Rogun Hydropower Plant: An Opportunity for Connectedness
Tajikistan formally launched the Rogun Hydropower Plant (HPP)’s first turbine on November 16. Upon completion, Rogun will have six turbines, making it the most powerful facility on the Vakhsh River with a total capacity of 3,600 MW. This is roughly the equivalent of three nuclear power plants and will double Tajikistan’s annual electricity generation capacity. It will also the world’s tallest dam at 335 meters (1,099 feet) tall.
That is, of course, if the project is completed. The Rogun dam was first conceptualized by the Soviet Union in the 1960s, but its construction hit numerous pitfalls along the way. The latest of these was strong objections of former Uzbek President Islam Karimov. His most infamous 2012 comments on the project indicated that the issue could turn violent: “Water resources could become a problem in the future that could escalate tensions not only in our region, but on every continent. I won’t name specific countries, but all of this could deteriorate to the point where not just serious confrontation, but even wars could be the result.” Karimov’s successor, Shavkat Mirziyoyev, was initially silent on the Rogun plant, though he clearly prioritized mending fences with Tajikistan. Finally, President Mirziyoyev extended Uzbekistan’s official support in a presidential meeting in March.
Now, regional partners and multilateral institutions have lofty expectations for Rogun. World Bank Vice President Cyril Muller called the project a “source of much needed, inexpensive, renewable and reliable energy for the people of Tajikistan” in his speech at the turbine’s launch ceremony. Previous World Bank funded studies concluded that the plant could be the start of regional energy market in Central and East Asia, and could increase sustainability in its immediate neighborhood.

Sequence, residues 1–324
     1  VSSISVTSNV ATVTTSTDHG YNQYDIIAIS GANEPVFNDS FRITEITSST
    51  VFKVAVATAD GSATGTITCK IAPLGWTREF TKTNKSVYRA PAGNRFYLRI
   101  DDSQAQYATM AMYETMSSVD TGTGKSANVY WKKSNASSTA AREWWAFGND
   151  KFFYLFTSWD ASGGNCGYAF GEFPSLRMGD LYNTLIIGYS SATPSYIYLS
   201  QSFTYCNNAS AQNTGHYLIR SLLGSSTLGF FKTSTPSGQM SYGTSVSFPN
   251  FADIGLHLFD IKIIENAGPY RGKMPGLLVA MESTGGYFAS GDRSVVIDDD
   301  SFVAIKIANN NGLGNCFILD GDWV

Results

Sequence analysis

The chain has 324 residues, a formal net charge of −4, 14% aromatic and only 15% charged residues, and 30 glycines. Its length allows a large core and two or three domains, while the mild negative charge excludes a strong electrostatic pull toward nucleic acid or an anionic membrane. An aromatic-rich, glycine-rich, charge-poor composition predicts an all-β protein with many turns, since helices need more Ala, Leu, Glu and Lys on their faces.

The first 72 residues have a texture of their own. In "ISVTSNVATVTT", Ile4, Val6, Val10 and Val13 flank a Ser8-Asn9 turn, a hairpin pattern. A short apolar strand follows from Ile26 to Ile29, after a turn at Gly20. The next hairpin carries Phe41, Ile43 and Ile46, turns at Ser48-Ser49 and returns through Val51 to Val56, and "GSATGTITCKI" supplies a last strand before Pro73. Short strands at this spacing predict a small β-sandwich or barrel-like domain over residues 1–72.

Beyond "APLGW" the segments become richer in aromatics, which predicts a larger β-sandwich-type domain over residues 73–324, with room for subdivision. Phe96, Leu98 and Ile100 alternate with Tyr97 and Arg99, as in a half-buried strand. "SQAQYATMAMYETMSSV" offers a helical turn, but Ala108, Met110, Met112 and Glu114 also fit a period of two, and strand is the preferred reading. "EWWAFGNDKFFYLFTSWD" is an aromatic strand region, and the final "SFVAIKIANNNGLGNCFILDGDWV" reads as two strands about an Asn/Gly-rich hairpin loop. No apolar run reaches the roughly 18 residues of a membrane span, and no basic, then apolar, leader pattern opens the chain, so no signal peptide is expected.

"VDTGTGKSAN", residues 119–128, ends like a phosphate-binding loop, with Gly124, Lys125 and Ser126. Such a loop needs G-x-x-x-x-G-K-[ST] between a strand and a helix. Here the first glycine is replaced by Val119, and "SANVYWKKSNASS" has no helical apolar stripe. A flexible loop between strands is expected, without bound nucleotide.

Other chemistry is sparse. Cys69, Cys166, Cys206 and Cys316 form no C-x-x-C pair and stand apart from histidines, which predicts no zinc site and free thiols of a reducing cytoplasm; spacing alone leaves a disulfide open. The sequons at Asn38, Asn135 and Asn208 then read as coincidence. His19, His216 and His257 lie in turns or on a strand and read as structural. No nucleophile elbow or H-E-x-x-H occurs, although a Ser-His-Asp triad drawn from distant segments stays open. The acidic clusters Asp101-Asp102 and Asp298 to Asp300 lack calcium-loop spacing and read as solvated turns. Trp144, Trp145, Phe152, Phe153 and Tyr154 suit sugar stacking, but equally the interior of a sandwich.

No doubt Tajikistan has high hopes for the plant as well. The country has a long history of power outages, especially during the winter. In 2013, Tajik establishments experienced on average 6.1 power outages per month, up from 3.6 in 2008. In the worst cases of electricity shortage, households would have less than four hours of electricity per day while temperatures dipped to 20 degrees below zero. Estimates indicate that Tajikistan is 3 to 3.5 billion kilowatt-hours (kWh) short of fulfilling its citizens’ annual electricity needs. Upon completion, Rogun is expected to generate an additional 13 billion kWh of electricity annually—more than covering that difference.
This surplus could drastically change energy trade in the region. Tajikistan is a major electricity exporter during the spring, supplying Afghanistan and, more recently, Uzbekistan with power from April until September. However, come winter, Tajikistan becomes an electricity importer. An additional 13 billion kWh could at least prevent Tajikistan from relying on imports and at most could allow it to continue exporting throughout the colder months. Uzbekistan, who also suffers from energy shortages in winter, has reportedly already expressed interest in such a deal. Multilateral programs like CASA-1000 would also benefit from Tajikistani electricity exports.
Rogun is an opportunity for increased connectivity in the region. It is telling that the launch ceremony was attended by representatives from Afghanistan, Belarus, India, Italy, Kazakhstan, Kyrgyzstan, Pakistan, Russia, Ukraine, and Uzbekistan. Rogun is far from a fait accompli—its stature alone is only a fifth of what the final product is projected to be, not to mention that there are still five turbines yet to be built. However, a successful Rogun could be boost for many Central Asian countries, and it seems that Tajikistan has many of its neighbors in its corner.